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    ABSTRACT: Background: Adhesion G protein-coupled receptors (aGPCR) constitute a structurally and functionally diverse class of seven-transmembrane receptor proteins. Although for some of the members important roles in immunology, neurology, as well as developmental biology have been suggested, most receptors have been poorly characterized. Results: We have studied evolution, expression, and function of an entire receptor group containing four uncharacterized aGPCR: Gpr110, Gpr111, Gpr115, and Gpr116. We show that the genomic loci of these four receptors are clustered tightly together in mouse and human genomes and that this cluster likely derives from a single common ancestor gene. Using transcriptional profiling on wild-type and knockout/LacZ reporter knockin mice strains, we have obtained detailed expression maps that show ubiquitous expression of Gpr116, co-expression of Gpr111 and Gpr115 in developing skin, and expression of Gpr110 in adult kidney. Loss of Gpr110, Gpr111, or Gpr115 function did not result in detectable defects, indicating that genes of this aGPCR group might function redundantly. Conclusions: The aGPCR cluster Gpr110, Gpr111, Gpr115, and Gpr116 developed from one common ancestor in vertebrates. Expression suggests a role in epithelia, and one can speculate about a possible redundant function of GPR111 and GPR115. Developmental Dynamics 241:1591-1602, 2012. © 2012 Wiley Periodicals, Inc.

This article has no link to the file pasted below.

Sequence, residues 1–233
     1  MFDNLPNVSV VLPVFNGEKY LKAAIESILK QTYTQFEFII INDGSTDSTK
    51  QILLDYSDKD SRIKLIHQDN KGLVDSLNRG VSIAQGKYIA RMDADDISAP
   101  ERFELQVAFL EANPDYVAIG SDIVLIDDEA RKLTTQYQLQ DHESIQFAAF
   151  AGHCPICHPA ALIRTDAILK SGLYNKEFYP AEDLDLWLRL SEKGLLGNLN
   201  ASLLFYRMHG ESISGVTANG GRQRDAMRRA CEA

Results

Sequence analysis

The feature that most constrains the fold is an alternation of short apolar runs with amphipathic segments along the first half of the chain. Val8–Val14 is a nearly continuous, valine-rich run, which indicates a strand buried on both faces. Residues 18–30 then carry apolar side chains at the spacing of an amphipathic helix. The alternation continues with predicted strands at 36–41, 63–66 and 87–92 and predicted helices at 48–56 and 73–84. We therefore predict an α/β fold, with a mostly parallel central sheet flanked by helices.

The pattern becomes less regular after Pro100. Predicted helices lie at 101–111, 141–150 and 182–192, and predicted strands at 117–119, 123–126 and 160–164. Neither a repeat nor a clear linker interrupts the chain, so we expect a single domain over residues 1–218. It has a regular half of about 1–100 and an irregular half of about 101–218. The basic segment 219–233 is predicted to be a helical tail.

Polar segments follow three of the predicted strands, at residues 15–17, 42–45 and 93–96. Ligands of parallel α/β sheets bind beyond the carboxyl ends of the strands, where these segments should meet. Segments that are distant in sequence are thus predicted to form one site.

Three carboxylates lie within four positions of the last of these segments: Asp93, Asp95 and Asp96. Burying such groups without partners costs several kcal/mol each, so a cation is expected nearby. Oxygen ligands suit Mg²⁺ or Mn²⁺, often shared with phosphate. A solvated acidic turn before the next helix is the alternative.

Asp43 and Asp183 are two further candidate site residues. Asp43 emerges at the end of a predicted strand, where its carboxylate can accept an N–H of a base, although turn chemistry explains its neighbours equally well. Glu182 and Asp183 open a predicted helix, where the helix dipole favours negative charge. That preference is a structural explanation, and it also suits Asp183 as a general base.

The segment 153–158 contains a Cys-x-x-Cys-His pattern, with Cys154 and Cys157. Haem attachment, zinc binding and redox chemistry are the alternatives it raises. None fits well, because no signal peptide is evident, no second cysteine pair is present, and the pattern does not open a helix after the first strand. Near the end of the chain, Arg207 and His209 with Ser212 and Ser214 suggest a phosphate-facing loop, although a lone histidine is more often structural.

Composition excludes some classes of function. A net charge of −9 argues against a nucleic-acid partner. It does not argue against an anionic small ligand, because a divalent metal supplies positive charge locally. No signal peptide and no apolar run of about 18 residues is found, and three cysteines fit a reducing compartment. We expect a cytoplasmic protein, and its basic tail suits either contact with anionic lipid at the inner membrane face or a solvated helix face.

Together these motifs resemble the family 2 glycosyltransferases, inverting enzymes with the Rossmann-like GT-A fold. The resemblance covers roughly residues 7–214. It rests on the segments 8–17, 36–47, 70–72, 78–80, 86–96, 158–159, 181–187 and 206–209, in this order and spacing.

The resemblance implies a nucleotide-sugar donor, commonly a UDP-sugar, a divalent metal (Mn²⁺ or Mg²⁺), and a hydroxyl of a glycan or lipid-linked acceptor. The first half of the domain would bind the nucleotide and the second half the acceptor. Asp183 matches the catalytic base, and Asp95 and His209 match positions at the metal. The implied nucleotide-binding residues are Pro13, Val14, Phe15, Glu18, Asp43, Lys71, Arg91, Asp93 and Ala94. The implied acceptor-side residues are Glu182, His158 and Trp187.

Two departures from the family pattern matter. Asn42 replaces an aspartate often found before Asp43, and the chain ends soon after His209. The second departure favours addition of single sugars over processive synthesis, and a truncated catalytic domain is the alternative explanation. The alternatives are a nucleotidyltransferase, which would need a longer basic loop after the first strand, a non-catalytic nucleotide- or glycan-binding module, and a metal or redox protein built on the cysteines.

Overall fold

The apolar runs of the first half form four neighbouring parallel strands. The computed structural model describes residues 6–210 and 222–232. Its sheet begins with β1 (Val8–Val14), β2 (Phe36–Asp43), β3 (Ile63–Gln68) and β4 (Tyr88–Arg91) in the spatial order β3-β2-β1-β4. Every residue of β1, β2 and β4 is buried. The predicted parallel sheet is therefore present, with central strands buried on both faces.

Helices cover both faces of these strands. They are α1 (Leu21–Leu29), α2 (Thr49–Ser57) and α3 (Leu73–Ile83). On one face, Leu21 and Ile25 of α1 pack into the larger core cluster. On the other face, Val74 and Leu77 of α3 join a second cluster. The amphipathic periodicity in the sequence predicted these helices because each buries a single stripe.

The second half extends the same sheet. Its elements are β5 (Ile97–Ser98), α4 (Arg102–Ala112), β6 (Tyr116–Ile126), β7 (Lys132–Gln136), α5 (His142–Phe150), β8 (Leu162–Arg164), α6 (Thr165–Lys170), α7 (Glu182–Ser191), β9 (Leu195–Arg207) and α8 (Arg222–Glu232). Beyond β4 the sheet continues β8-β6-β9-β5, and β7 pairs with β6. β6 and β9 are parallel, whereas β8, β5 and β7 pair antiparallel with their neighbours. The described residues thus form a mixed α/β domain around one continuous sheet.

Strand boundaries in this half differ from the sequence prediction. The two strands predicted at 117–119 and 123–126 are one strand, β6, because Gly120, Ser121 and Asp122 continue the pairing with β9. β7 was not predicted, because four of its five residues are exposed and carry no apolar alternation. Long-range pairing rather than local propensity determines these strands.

Developmental Dynamics 07/2012; 241(10):1591-602. · 2.59 Impact Factor
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    ABSTRACT: Evaluating the functional relevance of naturally occurring gene variants usually requires experimental testing or is even impossible because of the lack of appropriate functional assays. Here we have analyzed whether comparative sequence data from orthologs are suitable to predict the functional relevance of mutations in a model protein, a G-protein-coupled receptor for ADP (P2Y(12)). The functional effect of every possible substitution at each amino acid position within a portion of P2Y(12) (1254 mutants) was individually determined. Sequence analysis of >70 P2Y(12) vertebrate orthologs revealed that this amino acid variability ensuring proper receptor function in vivo highly correlates (>90%) with the in vitro experimental data. Therefore, ortholog sequence data are helpful to predict the functional relevance of individual positions and mutations for P2Y(12). It is likely that similar conclusions may be extended for other GPCRs and conserved proteins as well.
    The FASEB Journal 05/2012; 26(8):3273-81. · 5.70 Impact Factor